Self-service can be found in all areas of life today, even if we often no longer recognise it as such, as many services have simply disappeared and “doing it yourself” has become the norm for consumers. Today, for example, everyone fills their own shopping trolley in the supermarket. However, the patent for this type of food market dates back to 1917 and is thus only a good 100 years old. We take it for granted today, but the modern supermarket is one of the cornerstones of the self-service idea. We also fill our cars with petrol ourselves, assemble our furniture ourselves, pick up our parcels from the packing station ourselves and in many places there are cash registers where you scan and pay for goods yourself.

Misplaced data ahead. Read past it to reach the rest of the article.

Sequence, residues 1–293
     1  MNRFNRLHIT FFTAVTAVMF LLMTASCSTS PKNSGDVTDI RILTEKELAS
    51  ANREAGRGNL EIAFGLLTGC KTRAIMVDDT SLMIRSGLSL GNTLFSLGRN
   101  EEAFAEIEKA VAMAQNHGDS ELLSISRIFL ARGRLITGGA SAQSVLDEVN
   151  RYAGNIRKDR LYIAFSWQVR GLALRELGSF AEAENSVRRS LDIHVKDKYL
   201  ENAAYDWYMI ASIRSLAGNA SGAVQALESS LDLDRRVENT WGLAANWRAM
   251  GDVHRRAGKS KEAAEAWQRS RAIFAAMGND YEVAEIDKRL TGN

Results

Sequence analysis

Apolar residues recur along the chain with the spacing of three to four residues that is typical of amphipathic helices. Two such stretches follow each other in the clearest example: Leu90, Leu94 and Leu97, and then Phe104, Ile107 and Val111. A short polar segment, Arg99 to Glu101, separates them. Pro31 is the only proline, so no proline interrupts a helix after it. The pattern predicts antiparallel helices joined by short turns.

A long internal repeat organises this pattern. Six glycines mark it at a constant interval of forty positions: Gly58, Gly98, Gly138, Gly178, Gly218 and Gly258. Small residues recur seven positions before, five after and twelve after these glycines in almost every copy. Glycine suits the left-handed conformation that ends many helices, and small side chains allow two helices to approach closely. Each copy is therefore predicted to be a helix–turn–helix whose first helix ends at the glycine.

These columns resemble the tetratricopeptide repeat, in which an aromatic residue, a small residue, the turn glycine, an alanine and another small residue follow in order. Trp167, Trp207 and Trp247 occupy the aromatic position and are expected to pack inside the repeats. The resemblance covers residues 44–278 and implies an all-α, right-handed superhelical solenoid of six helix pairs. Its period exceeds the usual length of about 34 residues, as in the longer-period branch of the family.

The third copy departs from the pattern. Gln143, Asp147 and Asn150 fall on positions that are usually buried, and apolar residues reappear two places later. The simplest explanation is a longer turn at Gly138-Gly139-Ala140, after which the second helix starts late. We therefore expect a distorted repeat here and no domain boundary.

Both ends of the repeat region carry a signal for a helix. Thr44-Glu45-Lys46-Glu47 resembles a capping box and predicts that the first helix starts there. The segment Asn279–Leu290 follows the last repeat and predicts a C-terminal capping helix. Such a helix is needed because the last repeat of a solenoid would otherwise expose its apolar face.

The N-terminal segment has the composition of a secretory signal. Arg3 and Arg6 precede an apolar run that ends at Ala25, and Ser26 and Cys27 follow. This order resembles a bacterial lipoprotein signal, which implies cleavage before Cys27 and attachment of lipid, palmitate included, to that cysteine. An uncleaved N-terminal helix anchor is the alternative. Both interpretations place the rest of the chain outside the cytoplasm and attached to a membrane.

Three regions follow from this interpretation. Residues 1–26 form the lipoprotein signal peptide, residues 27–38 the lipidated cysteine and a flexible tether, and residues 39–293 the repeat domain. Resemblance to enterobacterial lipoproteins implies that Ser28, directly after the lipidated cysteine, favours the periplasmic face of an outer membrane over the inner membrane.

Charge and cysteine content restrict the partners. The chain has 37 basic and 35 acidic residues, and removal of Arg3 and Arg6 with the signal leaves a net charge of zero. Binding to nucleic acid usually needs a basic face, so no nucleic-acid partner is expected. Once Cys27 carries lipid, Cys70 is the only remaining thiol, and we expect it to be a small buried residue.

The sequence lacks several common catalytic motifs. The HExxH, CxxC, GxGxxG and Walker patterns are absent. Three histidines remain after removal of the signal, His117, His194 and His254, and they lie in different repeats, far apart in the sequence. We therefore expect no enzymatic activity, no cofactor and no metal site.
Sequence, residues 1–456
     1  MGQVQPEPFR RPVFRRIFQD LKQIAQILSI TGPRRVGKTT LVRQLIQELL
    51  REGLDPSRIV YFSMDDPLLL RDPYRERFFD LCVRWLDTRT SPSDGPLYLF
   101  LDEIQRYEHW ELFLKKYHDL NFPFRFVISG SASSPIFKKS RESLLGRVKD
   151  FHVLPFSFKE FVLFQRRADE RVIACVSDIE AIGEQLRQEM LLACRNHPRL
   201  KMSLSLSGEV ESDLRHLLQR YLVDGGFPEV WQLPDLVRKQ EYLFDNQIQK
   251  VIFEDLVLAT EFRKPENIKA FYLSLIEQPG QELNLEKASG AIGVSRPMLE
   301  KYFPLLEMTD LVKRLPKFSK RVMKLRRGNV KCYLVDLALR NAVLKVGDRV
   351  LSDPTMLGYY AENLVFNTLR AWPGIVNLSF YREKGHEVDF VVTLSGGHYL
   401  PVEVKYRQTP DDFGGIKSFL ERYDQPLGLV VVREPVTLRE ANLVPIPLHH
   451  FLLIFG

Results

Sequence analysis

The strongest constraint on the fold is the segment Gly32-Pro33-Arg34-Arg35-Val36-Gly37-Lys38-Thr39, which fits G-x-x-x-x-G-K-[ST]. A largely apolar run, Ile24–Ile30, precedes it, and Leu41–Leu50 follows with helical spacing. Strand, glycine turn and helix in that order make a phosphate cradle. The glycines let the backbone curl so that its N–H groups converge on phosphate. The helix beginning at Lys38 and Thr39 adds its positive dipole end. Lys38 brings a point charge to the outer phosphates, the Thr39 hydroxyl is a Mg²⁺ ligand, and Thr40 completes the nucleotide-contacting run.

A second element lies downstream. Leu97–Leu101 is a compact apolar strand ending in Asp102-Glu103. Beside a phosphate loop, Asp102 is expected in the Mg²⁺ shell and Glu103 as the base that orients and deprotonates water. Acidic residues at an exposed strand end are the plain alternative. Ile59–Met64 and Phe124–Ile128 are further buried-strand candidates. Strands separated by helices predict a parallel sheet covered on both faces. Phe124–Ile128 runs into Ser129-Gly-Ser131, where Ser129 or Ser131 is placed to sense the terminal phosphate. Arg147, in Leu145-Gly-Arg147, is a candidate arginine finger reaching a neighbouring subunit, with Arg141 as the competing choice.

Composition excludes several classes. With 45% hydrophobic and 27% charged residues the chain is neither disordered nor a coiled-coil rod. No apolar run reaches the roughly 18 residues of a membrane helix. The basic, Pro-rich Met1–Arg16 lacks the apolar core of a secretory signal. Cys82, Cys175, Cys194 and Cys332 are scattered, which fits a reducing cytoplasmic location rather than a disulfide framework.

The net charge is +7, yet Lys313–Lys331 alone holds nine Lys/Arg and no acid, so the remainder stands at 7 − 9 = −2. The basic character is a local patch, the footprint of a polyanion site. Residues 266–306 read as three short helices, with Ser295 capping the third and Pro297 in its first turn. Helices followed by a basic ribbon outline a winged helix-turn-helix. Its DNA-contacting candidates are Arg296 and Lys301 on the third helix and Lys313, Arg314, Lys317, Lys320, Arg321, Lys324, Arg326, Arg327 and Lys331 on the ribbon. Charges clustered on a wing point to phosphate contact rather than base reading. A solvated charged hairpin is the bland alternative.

Self-service – more than just a trend
Self-service is therefore no longer a niche phenomenon, but rather a steady trend that has taken hold of all areas of life. There are many reasons for this development. Cost saving is often a decisive motivation for the introduction of a self-service offer, but this should not be the central motivation. Of course, one cannot deny that costs can be saved. Empowering clients to do simple things themselves is a real service to the client! Who of us still wants to go to the bank to make transfers and thus be a slave to bank opening hours, only to stand in a queue – just to hand in a transfer slip?